A. In March of 2009, NASA and Microsoft announced plans to make planetary images and data available via the Internet under a Space Act Agreement. Through this project, NASA and Microsoft jointly developed the technology and infrastructure necessary to make the most interesting NASA content — including high-resolution scientific images and data from Mars and the moon — explorable on WorldWide Telescope, Microsoft’s online virtual telescope for exploring the universe. Under the joint agreement, NASA’s Ames Research Center in Moffett Field, Calif., will process and host more than 100 terabytes, or 20,000 DVDs of data – featuring high-resolution scientific imagery and data from NASA’s Mars Reconnaissance Orbiter (MRO). Launched in August 2005, MRO has been examining Mars with a high-resolution camera and five other instruments since 2006 and has returned more data than all other Mars missions combined.
Q. Does WorldWide Telescope provide real-time data?
A. WorldWide Telescope shows you where items are in space today but all the images are from different ground- and space-based telescopes, and that content is from varying times in the past.
Q. What are the system requirements for running WorldWide Telescope?
WorldWide Telescope minimum system requirements (For PC):
- Microsoft® XP SP2 (minimum), Windows® Vista®, or Windows® 7 (recommended)
- PC with Intel Core 2 Duo processor with 2 gigahertz (GHz) or faster, recommended
- 1 gigabyte (GB) of RAM; 2 GB RAM recommended
- 3D accelerated card with 128 megabytes (MB) RAM; discrete graphics card with dedicated 256-MB VRAM recommended for higher performance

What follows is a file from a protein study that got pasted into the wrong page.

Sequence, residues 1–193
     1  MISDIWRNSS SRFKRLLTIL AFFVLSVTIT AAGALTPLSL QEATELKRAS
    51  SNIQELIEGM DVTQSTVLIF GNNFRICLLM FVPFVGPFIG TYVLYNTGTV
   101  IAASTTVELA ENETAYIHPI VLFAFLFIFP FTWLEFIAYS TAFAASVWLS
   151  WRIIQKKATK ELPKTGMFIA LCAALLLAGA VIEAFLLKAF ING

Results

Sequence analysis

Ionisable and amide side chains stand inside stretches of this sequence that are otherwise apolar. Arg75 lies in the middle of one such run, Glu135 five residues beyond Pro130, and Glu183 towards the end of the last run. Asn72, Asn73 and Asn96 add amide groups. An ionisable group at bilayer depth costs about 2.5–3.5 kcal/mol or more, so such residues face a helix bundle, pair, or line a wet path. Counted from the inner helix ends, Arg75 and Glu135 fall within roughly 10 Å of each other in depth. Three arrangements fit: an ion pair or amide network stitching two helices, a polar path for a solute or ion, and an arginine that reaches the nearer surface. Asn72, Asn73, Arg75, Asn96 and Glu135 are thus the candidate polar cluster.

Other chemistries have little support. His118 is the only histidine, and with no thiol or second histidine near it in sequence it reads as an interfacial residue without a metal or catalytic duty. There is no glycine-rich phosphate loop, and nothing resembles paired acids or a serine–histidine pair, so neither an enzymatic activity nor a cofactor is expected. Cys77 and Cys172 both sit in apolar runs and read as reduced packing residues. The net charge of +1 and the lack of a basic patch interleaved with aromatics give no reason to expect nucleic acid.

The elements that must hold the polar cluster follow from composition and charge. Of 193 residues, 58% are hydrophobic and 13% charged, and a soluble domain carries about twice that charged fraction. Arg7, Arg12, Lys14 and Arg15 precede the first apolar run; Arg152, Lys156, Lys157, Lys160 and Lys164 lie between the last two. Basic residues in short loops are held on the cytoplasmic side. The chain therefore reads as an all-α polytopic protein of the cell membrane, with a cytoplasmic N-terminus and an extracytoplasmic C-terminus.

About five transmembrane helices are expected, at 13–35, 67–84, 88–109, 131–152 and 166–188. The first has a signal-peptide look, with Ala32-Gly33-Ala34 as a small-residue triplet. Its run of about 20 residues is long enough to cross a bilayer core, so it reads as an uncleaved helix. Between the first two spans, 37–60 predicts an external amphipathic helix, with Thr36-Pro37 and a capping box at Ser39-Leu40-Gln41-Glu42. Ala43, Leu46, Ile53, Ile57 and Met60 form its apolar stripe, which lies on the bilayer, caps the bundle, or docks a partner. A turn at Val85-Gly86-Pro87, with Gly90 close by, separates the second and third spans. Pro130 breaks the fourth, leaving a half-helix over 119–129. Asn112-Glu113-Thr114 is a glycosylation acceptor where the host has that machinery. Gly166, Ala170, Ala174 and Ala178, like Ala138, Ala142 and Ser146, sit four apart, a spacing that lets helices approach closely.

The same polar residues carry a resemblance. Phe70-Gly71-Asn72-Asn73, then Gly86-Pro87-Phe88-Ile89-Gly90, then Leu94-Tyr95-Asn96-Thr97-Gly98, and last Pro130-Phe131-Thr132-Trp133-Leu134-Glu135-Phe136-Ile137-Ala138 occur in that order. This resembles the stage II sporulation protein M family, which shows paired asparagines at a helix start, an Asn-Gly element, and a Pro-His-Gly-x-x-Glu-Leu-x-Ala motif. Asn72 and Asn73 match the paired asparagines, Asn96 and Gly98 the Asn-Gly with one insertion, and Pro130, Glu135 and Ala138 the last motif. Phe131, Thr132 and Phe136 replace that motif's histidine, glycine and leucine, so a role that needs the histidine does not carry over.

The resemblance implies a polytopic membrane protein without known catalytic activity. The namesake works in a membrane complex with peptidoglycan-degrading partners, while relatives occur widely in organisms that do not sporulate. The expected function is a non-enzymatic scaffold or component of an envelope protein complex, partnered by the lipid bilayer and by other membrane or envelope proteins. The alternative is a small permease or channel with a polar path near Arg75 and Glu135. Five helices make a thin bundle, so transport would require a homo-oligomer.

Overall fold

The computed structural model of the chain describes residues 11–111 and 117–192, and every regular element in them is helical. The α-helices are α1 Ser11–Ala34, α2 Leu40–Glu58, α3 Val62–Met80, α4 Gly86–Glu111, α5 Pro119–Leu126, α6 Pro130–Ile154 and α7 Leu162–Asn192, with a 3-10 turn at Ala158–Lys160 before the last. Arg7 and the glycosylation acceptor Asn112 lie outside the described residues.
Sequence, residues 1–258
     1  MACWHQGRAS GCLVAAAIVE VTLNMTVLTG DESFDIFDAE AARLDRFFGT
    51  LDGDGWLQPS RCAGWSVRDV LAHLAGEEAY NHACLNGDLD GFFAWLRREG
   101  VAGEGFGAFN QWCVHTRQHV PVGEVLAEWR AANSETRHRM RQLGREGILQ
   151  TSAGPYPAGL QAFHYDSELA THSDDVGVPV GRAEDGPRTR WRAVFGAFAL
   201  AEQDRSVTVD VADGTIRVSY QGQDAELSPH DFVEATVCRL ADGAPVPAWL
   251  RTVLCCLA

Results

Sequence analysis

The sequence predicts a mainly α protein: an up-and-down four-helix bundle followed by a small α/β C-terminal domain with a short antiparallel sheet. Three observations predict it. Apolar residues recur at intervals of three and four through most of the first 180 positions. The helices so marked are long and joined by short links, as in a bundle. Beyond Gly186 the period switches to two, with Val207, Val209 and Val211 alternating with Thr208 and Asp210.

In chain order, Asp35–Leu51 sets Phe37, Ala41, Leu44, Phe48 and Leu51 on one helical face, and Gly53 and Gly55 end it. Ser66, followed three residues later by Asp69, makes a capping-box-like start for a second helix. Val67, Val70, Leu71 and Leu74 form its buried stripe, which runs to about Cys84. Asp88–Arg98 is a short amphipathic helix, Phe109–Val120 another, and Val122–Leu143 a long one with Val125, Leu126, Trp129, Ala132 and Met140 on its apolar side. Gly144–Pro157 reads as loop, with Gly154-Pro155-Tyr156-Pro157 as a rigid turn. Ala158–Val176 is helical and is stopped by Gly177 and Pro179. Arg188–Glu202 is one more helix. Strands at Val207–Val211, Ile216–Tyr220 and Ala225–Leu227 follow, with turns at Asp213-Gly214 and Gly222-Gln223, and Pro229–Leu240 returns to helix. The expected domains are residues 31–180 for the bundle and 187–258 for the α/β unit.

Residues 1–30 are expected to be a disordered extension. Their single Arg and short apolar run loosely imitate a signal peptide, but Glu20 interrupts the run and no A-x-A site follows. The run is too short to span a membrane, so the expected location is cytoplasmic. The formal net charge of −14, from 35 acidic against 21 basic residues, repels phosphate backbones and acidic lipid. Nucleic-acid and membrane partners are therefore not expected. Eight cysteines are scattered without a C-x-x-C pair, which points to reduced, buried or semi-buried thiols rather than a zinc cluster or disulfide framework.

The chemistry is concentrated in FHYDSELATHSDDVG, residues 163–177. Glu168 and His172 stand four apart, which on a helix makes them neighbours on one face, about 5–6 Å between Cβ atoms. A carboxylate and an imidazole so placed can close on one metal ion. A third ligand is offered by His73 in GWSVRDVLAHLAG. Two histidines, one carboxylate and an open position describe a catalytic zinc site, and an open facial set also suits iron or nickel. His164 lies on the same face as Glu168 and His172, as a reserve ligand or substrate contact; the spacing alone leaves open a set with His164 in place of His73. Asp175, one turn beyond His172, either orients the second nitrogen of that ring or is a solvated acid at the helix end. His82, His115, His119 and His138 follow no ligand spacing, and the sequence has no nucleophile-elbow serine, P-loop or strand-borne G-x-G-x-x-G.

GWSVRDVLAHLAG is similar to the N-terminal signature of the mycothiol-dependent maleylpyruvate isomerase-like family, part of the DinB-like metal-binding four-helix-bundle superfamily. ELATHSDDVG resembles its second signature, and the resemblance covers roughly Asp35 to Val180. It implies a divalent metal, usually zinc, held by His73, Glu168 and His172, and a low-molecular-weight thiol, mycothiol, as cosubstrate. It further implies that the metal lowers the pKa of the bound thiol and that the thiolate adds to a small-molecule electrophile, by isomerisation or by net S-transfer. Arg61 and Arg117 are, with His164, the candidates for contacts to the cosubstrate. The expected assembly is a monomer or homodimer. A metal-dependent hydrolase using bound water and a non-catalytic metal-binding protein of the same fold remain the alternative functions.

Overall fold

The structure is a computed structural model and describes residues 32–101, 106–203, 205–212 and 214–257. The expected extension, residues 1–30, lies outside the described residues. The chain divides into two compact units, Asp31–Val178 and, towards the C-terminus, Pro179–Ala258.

- 1 GB of available hard disk space; 10 GB recommended for off-line features and higher performance browsing
- XGA (1024 x 768) or higher resolution monitor
- Microsoft Mouse or compatible pointing and scrolling device
- Microsoft® DirectX® version 9.0c and .NET Framework 2.0
- Required for some features; Internet connection at 56 Kbps or higher through either an Internet service provider (ISP) or a network. Internet access might require a separate fee to an ISP; local or long-distance telephone charges might also apply
Q. Is WorldWide Telescope available in other languages?
A. Yes, WorldWide Telescope offers fully-localized user-interfaces for Simplified Chinese, German, Russian, Hindi, Spanish and other language versions of the Windows Client. To change your language, install the Windows Client, then choose the “Select Your Language” option from the Settings menu.
Q. What is the Microsoft Visual Experience Engine?
A. The Microsoft Visual Experience Engine is the technology that enables seamless panning and zooming across the night sky, blending terabytes of images, data and stories from multiple sources over the Internet into a media-rich, immersive experience.
Q. Who are some of your partners with WorldWide Telescope?
A. We are working with a variety of partners in the academic, educational and scientific communities to make WorldWide Telescope a success. For details please see http://www.microsoft.com/presspass/presskits/worldwidetelescope/docs/WorldWideTelescopePartnersCommunity.pdf.
Q. What does WorldWide Telescope cost?
A. Microsoft Research is dedicating WorldWide Telescope to the memory of Jim Gray and is releasing WorldWide Telescope as a free resource to the astronomy and education communities with the hope that it will inspire and empower people to explore and understand the universe as never before.
Q.When did Microsoft first starting looking at the sky?
A. For 19 years, Microsoft has invested, and will continue to invest, in long-term, broad-based research through Microsoft Research. WorldWide Telescope is built on work that started with Jim Gray’s work on SkyServer and his contributions to Sloan Digital Sky Survey.
Q. Is this an extension of Jim Gray’s work?
A. Yes. Jim Gray spent his life perfecting database and transaction processing systems, and he was committed to using technology to advance education. His seminal work on the SkyServer typified his dedication to making scientific information and exploration available to specialists and laypeople alike, and WWT is an ongoing extension of this work.